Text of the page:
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I have an integer field in a ClientDataSet and I need to compare to some values, something like this:

I can use const

const
  mvValue1 = 1;
  mvValue2 = 2;

if ClientDataSet_Field.AsInteger = mvValue1 then

or enums

TMyValues = (mvValue1 = 1, mvValue2 = 2);

if ClientDataSet_Field.AsInteger = Integer(mvValue1) then

or class const

TMyValue = class
const
   Value1 = 1;
   Value2 = 2;
end;

if ClientDataSet_Field.AsInteger = TMyValues.Value1 then

I like the class const approach but it seems that is not the delphi way, So I want to know what do you think

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5 Answers

up vote 7 down vote accepted

I wouldn't say that class consts are not the Delphi way. It's just they have been introduced to Delphi quite recently, and a lot of books and articles you'll find on the internet were written before their introduction, and thus you won't see them widely used. Many Delphi developers (I'd say the majority) will have started using Delphi before they were made available, and thus they're not the first thing that one thinks about.

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You are right, I Just notice that DBX4 use class cons in TDBXCommandTypes –  Marioh Dec 28 '08 at 2:50
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Declaration:

type
  TMyValues = class
    type TMyEnum = (myValue1, myValue2, myValue3, myValue4);
    const MyStrVals: array [TMyEnum] of string =
      ('One', 'Two', 'Three', 'Four');
    const MyIntVals: array [TMyEnum] of integer =
      (1, 2, 3, 4);
  end;

Usage:

if ClientDataSet_Field.AsInteger = TMyValues.MyIntVals[myValue1] then

A cast would generally be my last choice.

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1  
when using the class const approach you don´t need to cast. Thanks for the feedback –  Marioh Dec 19 '08 at 23:47
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One thing to consider is backwards compatibility - class constants are relatively new to Delphi so if your code has to be sharable with previous versions than they are out.

I typically use enumerated types, with the difference from yours is that my first enumeration is usually an 'undefined' item to represent NULL or 0 in an int field.

TmyValues = (myvUndefined, myvDescription1, myvDescription2)

if ClientDataSet_Field.AsInteger = Ord(myvDescription1) then...

To use a little bit of Jim McKeeth's answer - if you need to display to the user a text viewable version, or if you need to convert their selected text into the enumerated type, then an array comes in handy in conjuction with the type:

const MYVALS: array [TmyValues ] of string = ('', 'Description1', 'Description2');

You can then have utility functions to set/get the enumerated type to/from a string:

Function MyValString(const pMyVal:TmyValues):string;
begin
  result := MYVALS[Ord(pMyVal)];
end;

Function StringToMyVal(const pMyVal:String):TMyValues;
var i:Integer;
begin
  result := myvUndefined;
  for i := Low(MYVALS) to High(MYVALS) do
  begin
    if SameText(pMyVal, MYVALS[i]) then
    begin
      result := TMyValues(i);
      break;
    end;
  end;
end;

Continuing on... you can have scatter routine to set a combo/list box:

Procedure SetList(const DestList:TStrings);
begin
  DestList.Clear;
  for i := Low(MYVALS) to High(MYVALS) do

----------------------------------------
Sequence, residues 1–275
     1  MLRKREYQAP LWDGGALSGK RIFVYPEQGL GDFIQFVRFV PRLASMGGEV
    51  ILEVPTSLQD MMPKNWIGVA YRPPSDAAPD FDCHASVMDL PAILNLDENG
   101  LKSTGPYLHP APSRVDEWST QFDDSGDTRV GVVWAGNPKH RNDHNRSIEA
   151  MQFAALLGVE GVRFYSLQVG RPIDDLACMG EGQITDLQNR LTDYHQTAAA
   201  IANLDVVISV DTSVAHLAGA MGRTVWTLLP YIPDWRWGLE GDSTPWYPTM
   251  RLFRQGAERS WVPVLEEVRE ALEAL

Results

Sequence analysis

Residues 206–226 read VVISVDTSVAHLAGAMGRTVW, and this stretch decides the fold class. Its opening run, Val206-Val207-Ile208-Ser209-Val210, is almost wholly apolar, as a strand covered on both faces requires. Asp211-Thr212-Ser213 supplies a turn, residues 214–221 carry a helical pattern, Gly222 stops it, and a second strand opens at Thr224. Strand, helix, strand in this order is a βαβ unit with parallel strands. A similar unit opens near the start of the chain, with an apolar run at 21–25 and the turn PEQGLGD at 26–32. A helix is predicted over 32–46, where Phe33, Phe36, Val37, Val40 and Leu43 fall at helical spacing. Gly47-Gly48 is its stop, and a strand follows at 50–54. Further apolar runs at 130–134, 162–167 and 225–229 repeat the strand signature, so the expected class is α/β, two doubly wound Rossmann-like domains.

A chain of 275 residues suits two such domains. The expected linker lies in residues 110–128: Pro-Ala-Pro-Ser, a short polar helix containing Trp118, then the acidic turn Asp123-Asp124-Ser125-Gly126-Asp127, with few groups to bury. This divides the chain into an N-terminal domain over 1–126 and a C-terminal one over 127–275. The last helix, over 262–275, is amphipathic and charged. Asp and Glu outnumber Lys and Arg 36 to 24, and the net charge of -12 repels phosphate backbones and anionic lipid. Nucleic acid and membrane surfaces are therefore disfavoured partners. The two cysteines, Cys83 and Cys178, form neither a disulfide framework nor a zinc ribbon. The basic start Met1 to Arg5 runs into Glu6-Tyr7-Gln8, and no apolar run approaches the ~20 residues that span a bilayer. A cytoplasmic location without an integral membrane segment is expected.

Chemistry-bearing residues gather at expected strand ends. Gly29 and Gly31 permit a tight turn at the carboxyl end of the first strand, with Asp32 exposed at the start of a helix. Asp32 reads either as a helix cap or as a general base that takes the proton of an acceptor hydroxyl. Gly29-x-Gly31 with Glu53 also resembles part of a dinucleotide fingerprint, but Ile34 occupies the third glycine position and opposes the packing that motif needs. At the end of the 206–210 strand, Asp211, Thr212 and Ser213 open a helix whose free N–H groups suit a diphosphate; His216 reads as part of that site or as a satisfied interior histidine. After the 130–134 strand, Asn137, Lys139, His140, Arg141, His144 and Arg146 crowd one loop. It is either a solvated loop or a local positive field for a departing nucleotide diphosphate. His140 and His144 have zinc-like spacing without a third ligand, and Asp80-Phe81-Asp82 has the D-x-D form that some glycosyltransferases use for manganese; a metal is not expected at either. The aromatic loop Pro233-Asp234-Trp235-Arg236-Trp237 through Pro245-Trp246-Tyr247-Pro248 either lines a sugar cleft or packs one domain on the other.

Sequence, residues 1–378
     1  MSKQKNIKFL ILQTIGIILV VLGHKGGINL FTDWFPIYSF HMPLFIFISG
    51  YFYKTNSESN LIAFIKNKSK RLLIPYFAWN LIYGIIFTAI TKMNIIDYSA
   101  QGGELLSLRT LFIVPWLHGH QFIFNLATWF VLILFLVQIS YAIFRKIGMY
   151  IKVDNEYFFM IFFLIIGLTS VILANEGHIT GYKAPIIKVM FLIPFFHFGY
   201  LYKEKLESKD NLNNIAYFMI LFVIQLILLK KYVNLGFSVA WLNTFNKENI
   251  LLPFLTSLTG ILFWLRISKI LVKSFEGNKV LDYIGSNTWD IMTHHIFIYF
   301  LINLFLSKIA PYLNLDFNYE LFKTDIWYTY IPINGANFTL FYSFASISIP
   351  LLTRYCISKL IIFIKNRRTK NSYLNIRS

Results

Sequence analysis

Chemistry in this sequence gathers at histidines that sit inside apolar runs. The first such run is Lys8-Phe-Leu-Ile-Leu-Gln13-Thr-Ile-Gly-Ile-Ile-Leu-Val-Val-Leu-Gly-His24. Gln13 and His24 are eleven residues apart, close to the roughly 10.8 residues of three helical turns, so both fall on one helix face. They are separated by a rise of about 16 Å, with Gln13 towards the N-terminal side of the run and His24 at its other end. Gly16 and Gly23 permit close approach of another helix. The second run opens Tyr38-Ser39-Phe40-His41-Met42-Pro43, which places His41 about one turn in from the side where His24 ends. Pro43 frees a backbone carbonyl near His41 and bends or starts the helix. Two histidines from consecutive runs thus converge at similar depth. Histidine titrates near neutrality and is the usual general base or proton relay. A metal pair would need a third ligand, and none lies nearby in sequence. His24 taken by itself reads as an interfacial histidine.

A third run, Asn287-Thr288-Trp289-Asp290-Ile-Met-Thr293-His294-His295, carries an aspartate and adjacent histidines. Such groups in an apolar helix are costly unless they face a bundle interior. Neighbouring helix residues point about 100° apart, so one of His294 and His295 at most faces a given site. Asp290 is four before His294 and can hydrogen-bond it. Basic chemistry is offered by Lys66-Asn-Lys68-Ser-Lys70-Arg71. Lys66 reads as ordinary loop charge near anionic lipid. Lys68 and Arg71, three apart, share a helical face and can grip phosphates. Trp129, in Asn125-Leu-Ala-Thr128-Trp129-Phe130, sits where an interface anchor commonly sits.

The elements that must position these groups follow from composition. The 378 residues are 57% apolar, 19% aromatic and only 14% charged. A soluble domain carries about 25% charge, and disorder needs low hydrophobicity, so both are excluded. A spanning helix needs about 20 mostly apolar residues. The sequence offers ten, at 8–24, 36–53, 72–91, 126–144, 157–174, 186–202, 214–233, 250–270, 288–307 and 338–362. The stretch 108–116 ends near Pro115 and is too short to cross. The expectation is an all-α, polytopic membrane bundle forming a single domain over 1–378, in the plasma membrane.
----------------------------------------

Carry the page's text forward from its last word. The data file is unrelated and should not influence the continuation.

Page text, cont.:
begin
    DestList.Insert(MYVALS[i]);
  end;
end;

In code: SetList(Combo1.Items) or SetList(ListBox1.Items)..

Then if you are seeing the pattern here... useful utility functions surrounding your enumeration, then you add everything to it's own class and put this class into it's own unit named MyValueEnumeration or whaterver. You end up with all the code surrounding this enumeration in one place and keep adding the utility functions as you need them. If you keep the unit clean - don't mix in other unrelated functionality then it will stay very handy for all projects related to that enumeration.

You'll see more patterns as time goes and you use the same functionality over and over again and you'll build a better mousetrap again.

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There's actually an RTTI trick to get the name of an enum value as a string. Take a look at the GetEnumName function in the TypInfo unit. –  Mason Wheeler Dec 20 '08 at 17:30
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so many options! :-) i prefer enums and routinely use them as you describe. one of the parts i like is that i can use them with a "for" loop. i do use class constants as well but prefer enums (even private enums) depending on what i'm trying to achieve.

TMyType=class
private const    // d2007 & later i think
  iMaxItems=1;   // d2007 & later i think
private type     // d2007 & later i think
  TMyValues = (mvValue1 = 1, mvValue2 = 2);     // d2007 & later i think
private
public
end;
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Class-specific consts and types were introduce in Delphi 2005, possibly even Delphi 8. (Just because so many people skipped directly from Delphi 7 to Delphi 2007 doesn't mean the intervening versions didn't have any new features.) –  Rob Kennedy Dec 20 '08 at 1:19
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An option you haven't thought of is to use a lookup table in the database and then you can check against the string in the database.

eg.

 Select value, Description from tbl_values inner join tbl_lookup_values where tbl_values.Value = tbl_lookup_values.value

if ClientDataSet_Field.AsString = 'ValueIwant' then
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in this example I need to compare the value with a (integer) constant value to do some stuff not to display the description. the description of the constant value it's in a lookup table. –  Marioh Dec 23 '08 at 2:11
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